Note from Eric White: This is the first post in a series of guest posts by Florian Reuter. He has written a pretty cool library for working with OPC files (published at http://libopc.codeplex.com/). In upcoming posts, he is going to cover Markup Compatibility and Extensibility (MCE) and his libopc library.
The Open Packaging Convention (OPC) is part II of
the OfficeOpenXML standard --- the standard behind the new .docx, .xslx and
.pptx Office formats.
The OPC defines a container format which can be used to
store any kind of data and it is not only suited for Office format. E.g. the
XMLPaperSpecification (XPS) also uses OPC as the packaging layer.
In many ways OPC can be seen as a successor of OLE
containers used by the proprietary .DOC, .XSL and .PPT formats. Unlike OLE containers
--- which are modeled according to the FAT format ---OLE containers are valid
.ZIP archived plus some extra metadata.
This means that any OPC container can be opened with a ZIP
program. Try it out yourself: Create a .docx/.xslx or .pptx file and rename the
extension to .zip. A simple double-click will expose the container structure in
Windows internal viewer:
The metadata is encoded in the additional "_rels"
folders and the "[Content_Types].xml".
In order to really understand the OPC it is important to
understand the abstract OPC container structure first.
First of all every OPC container specifies a set of MIME types
also known as content types. Typical content types in a .DOCX document are:
Additionally every OPC container has a "default"
binding between an extension and a content type. E.g.:
Next every OPC container defines a set of "relation
types". Relation types have the same form as XML namespace names. Typical relation types in a .DOCX file are:
OPC container also keeps a list of all external relations.
E.g. when a .DOCX document contains a hyperlink to "http://naverage.com",
then this external link is stored as an external relation:
Data is stored inside an OPC container as parts. A part has
a hierarchical name and a type. Here are the typical parts of a .DOCX document:
Finally OPC container store relations between parts.
Consider e.g. the part "word/document.xml" and the part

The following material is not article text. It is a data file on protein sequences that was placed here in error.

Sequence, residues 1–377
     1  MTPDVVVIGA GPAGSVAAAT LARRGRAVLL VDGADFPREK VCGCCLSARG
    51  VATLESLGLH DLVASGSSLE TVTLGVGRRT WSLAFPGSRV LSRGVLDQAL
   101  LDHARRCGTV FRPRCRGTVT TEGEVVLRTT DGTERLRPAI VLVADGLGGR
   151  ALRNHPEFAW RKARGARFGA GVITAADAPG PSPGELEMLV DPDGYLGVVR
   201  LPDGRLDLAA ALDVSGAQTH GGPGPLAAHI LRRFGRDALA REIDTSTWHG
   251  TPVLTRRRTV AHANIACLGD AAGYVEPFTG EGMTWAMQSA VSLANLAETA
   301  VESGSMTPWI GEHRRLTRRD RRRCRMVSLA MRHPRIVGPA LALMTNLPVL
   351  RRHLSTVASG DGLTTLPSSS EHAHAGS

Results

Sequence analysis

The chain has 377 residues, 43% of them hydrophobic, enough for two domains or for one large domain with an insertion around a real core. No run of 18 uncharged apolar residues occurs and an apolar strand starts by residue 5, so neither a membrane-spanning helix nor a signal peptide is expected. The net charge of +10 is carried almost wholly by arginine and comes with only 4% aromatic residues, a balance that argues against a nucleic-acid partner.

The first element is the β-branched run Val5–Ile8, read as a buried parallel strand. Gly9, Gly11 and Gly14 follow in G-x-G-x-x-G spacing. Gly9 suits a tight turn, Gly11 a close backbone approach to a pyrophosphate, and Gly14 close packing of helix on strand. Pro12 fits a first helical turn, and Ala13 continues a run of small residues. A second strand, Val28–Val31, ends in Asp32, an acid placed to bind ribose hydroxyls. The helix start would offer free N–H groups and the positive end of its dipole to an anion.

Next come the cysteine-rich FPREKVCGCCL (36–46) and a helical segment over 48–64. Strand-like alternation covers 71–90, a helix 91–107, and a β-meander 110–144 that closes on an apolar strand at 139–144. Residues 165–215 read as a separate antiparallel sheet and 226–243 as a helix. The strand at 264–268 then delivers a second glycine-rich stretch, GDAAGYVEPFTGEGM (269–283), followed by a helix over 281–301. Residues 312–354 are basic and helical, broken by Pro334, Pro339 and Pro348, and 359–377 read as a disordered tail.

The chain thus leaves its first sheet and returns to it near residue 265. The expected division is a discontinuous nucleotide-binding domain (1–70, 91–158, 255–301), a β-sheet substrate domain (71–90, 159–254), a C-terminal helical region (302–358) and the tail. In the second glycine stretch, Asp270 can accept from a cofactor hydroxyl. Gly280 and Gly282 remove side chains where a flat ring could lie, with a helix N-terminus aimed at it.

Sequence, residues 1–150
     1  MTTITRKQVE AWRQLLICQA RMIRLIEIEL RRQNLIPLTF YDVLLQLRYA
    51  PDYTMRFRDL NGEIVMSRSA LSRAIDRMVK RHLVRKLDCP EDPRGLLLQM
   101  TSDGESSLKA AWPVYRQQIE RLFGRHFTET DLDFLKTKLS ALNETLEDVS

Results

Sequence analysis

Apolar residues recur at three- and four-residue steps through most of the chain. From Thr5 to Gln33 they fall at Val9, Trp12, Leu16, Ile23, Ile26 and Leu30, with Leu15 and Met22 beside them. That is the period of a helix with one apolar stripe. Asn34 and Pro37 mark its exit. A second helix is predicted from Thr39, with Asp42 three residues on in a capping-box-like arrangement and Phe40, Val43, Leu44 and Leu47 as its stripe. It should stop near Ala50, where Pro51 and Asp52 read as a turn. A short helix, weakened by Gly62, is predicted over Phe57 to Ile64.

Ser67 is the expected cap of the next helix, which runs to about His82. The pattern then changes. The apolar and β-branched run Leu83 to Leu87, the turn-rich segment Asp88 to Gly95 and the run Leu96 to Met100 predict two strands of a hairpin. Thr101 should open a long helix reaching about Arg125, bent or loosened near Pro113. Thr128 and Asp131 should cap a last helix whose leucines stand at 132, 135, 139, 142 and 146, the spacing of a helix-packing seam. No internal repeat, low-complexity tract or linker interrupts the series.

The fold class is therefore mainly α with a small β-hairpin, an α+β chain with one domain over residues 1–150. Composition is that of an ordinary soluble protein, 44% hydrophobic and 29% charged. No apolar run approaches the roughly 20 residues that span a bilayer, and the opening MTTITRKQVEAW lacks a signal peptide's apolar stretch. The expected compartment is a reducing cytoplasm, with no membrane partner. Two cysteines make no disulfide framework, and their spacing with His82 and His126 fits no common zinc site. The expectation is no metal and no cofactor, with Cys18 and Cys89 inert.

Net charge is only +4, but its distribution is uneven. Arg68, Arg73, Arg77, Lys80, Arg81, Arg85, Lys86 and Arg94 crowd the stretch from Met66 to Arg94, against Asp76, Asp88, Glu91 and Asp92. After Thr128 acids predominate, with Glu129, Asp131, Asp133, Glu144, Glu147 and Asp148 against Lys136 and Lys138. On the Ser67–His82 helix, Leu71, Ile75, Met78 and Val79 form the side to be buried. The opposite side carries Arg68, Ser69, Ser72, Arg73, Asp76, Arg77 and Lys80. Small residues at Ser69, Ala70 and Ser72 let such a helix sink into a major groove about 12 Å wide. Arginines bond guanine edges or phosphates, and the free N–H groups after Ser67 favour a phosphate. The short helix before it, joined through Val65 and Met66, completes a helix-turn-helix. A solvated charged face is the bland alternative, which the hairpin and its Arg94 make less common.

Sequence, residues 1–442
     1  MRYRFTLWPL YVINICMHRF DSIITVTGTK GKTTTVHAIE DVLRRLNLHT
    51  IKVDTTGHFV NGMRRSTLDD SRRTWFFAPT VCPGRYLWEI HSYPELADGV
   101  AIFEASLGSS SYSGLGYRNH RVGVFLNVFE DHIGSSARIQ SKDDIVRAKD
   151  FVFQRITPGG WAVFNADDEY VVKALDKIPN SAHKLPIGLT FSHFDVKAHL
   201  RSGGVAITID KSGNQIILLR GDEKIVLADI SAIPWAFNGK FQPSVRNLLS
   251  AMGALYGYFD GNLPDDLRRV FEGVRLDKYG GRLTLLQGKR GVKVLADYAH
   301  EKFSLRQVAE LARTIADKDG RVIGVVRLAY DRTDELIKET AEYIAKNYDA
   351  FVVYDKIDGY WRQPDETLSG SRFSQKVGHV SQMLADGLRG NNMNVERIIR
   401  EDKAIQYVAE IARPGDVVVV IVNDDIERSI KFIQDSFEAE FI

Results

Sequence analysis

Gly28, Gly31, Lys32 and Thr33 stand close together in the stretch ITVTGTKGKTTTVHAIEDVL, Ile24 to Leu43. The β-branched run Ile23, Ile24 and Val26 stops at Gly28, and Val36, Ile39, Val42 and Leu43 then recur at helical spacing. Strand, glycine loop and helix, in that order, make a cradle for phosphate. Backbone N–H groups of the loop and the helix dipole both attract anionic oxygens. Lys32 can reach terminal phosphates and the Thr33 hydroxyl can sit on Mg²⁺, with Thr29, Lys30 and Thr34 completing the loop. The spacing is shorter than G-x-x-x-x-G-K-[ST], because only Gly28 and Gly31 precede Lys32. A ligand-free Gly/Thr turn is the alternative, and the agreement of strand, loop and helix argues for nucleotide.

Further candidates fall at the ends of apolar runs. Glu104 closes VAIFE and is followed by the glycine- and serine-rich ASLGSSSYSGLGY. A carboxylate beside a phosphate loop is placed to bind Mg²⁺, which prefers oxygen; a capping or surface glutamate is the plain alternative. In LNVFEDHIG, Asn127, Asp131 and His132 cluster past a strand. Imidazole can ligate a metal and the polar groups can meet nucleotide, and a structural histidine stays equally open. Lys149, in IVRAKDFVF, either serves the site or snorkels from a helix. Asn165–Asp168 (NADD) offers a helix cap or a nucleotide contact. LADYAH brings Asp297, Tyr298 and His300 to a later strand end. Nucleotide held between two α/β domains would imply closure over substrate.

"word/styles.xml". There is obviously a relation between this two
parts in the way that the "word/styles.xml" part contains the styles
definitions referenced in the "word/document.xml" part. Therefore in
a typical .DOCX document a relation similar to the following is established:
A relation inside an OPC container has a source part, a
destination part as well as a relation id and a relation type. The relation id
is unique with respect to the source part, i.e. no two relations which leave a
source part have the same id.
An OPC container also has a virtual root part (here denoted
with "[root]" or "/"), which is used to model the root of
the relation hierarchy.
Here are the typical relations found in a .DOCX file:
One of the peculiarities of the OPC is how you navigate
within an OPC container. Although most API's give you the ability to access
parts directly usually the relations are used to find the right part.
Let's suppose you want to open the document part of a DOCX
document. The straightforward --- but wrong --- way would be to check whether
an OPC container has the "word/document.xml" stream and open it if
present. Even when you additionally check whether the
"word.document.xml" stream has the content type "application/vnd.openxmlformats-officedocument.wordprocessingml.document.main+xml
" it would be the wrong way to handle a DOCX document, since the part name
"word/document.xml" is not important.
The right way to access the document part of a DOCX document
is to check whether the OPC container has a relation leaving [root] of type
If so we follow the relation and next we check the content type of the relation's
target part. If the content type of the target part is " application/vnd.openxmlformats-officedocument.wordprocessingml.document.main+xml"
we have a DOCX document.
Windows comes with two different libraries for handling OPC
container. An unmanaged COM-based API and a managed .NET-based API.
Documentation about the two APIs can be found here http://msdn.microsoft.com/en-us/library/windows/desktop/dd742822.aspx
and here http://msdn.microsoft.com/en-us/library/system.io.packaging.aspx.
In this series of blog posts we will use libopc
(libopc.codeplex.com) a FREE and open source library for dealing with the OPC
which can be used on Windows as well on Linux, iOS and Android.
Libopc comes with a command line tool "opc_dump"
which can be used to dump the structure of an OPC container. This tool is very
handy and it can be used like this:
> opc_dump "Hello World.docx" > dump.txt
In the next post we will take a look at the layer above OPC
called Markup Compatibility and Extensibility (MCE) before we will take a
closer look at libopc.
Florian Reuter (CEO of Naverage UG http://naverage.com
and coordinator of http://libopc.codeplex.com)